I first heard about online grocery shopping a few years ago when I lived in a neighbourhood without amenities within walking distance. I used to dread spending the time, energy, and gas money going to the grocery store each week. I was working 70 hours, and a trip to the store could easily take one or two hours out of my day. It didn’t seem worth the hassle, and I often bought take-out instead because it was easier – not great for my waistline or my wallet. :|
When my neighbour told me she had started ordering her groceries online, I was intrigued. For a small fee, she was able to do all her shopping on the internet, and choose the delivery time most convenient for her. It seemed like the perfect solution to my time crunch, so I decided to try it out. It was great, and I used the service a couple of times before I ended up moving into my current home – which is more conveniently located for shopping.
But, I’m feeling the time crunch again. Even though I’m only working 50-55 hours/week, I find myself busy after work almost every day of the week – field hockey practice on Tuesdays and Thursdays, and running Monday, Wednesday, Fridays. Weekends are filled with more running, field hockey games, and social commitments that I’m never able to fit in during the work week. I was finding it hard to go anywhere but Safeway for my groceries (a 5 minute walk from my house), but everything is so expensive there.
So, I decided to try ordering groceries from my preferred store, Thrifty Foods. They charge a flat rate of $7.95 for next day service (same day is $9.95), which I thought was reasonably priced considering it would cost me $4.60 in gas to drive there and back, plus at least an hour of my time.
It took me about 15 minutes to order all of my groceries online (I did it over my lunch break at work), and I was impressed. I felt like I was able to stop my impulse purchases (which were almost always junk food), and I could see the total amount of my order as I shopped – which helped me stay on budget.
What impressed me about Thrifty Foods is their customer service, although I shouldn’t be surprised. I’ve shopped with them for as long as I can remember, and it’s always been top notch. Their customer service reps will call you if anything you’ve ordered is out of stock, and suggest replacement items for you instead. Their delivery drivers are extremely friendly, and I feel really happy with how I was treated.
However, even though I’ve had some really positive experiences, and the service fees are reasonable, there are definitely cons to having groceries delivered.
For example, even though I was able to leave a note attached to each product I put into my online shopping basket, I almost never got the fruits the way I would have picked them out myself. “Slightly green bananas” can mean different things to different people, I guess. :) Additionally, it’s kind of inconvenient to have to wait at home for the delivery to arrive (a 1.5 hour window), and every other week I end up having to make a supplementary trip to the local Asian market anyway to pick up produce and other perishables.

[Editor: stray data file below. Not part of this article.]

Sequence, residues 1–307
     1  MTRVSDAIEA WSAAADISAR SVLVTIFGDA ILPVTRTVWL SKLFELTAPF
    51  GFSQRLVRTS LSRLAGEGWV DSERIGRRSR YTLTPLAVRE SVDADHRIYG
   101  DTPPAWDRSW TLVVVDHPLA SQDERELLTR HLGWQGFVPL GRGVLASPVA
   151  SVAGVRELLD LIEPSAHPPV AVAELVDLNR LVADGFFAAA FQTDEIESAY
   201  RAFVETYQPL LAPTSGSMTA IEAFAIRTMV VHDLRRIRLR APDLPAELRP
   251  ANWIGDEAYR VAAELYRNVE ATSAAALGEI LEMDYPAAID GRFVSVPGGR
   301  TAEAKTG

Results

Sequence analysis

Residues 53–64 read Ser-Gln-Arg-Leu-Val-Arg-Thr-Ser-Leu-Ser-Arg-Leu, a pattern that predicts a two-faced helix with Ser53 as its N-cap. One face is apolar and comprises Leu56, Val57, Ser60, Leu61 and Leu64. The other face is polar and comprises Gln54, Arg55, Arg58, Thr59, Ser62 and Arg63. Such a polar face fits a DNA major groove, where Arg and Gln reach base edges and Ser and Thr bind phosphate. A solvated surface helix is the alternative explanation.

I don’t think this is something I would do on a weekly, or even a bi-weekly basis. But I do think it’s something I would do every few months when I have a big shopping trip ahead of me.
In theory, anyone with a busy schedule can benefit from ordering groceries online. I can’t believe it’s taken me this long to use the service again! However, it might only be worth it on a regular basis for the following types of people:
- People who don’t have vehicles, and cannot make big trips to the grocery store for regular staples.
- The elderly, disabled, or injured, who find it difficult getting out of the house.
- Those who live far from any reasonably priced stores.
Have you – or would you – ever go online grocery shopping?
I first heard about Holy Crap Cereal while watching Dragon’s Den, and I’ve often seen it on the shelves at my local grocery store. But to be honest, the poor packaging stopped me from ever giving it a second thought. But then… I fell in love with the cereal last month when I tried a sample at the Goodlife Marathon race expo in Victoria. After tasting it, I immediately bought a bag for $10 (retails in stores for $10-12 before tax).
A recent 2012 Dragon’s Den special update show declared Holy Crap the most successful business to ever come out of the Den, and it’s not surprising. I’ve found the product is great for sports (as fuel before my runs, or snacking on while hiking), and the website claims it’s great for celiacs, people with high blood pressure, or those with food sensitivities.